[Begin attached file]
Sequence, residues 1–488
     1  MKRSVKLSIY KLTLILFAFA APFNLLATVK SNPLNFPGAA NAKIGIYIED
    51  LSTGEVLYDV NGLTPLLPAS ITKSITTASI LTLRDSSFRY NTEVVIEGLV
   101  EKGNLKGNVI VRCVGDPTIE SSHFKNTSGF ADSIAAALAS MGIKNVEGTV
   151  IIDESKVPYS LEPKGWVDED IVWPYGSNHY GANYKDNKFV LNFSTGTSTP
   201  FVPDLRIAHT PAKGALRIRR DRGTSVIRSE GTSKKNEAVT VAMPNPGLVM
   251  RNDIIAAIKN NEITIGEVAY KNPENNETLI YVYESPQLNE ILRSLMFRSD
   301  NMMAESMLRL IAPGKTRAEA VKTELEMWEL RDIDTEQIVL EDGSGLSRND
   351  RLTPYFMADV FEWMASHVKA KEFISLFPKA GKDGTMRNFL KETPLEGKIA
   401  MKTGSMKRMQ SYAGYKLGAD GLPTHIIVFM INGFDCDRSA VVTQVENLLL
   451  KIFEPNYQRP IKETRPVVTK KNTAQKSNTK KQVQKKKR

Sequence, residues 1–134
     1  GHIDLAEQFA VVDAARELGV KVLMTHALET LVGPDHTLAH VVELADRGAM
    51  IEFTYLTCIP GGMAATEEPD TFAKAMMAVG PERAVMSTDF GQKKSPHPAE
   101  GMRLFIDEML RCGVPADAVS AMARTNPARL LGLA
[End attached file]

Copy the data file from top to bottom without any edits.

Sequence, residues 1–488
     1  MKRSVKLSIY KLTLILFAFA APFNLLATVK SNPLNFPGAA NAKIGIYIED
    51  LSTGEVLYDV NGLTPLLPAS ITKSITTASI LTLRDSSFRY NTEVVIEGLV
   101  EKGNLKGNVI VRCVGDPTIE SSHFKNTSGF ADSIAAALAS MGIKNVEGTV
   151  IIDESKVPYS LEPKGWVDED IVWPYGSNHY GANYKDNKFV LNFSTGTSTP
   201  FVPDLRIAHT PAKGALRIRR DRGTSVIRSE GTSKKNEAVT VAMPNPGLVM
   251  RNDIIAAIKN NEITIGEVAY KNPENNETLI YVYESPQLNE ILRSLMFRSD
   301  NMMAESMLRL IAPGKTRAEA VKTELEMWEL RDIDTEQIVL EDGSGLSRND
   351  RLTPYFMADV FEWMASHVKA KEFISLFPKA GKDGTMRNFL KETPLEGKIA
   401  MKTGSMKRMQ SYAGYKLGAD GLPTHIIVFM INGFDCDRSA VVTQVENLLL
   451  KIFEPNYQRP IKETRPVVTK KNTAQKSNTK KQVQKKKR

Sequence, residues 1–134
     1  GHIDLAEQFA VVDAARELGV KVLMTHALET LVGPDHTLAH VVELADRGAM
    51  IEFTYLTCIP GGMAATEEPD TFAKAMMAVG PERAVMSTDF GQKKSPHPAE
   101  GMRLFIDEML RCGVPADAVS AMARTNPARL LGLA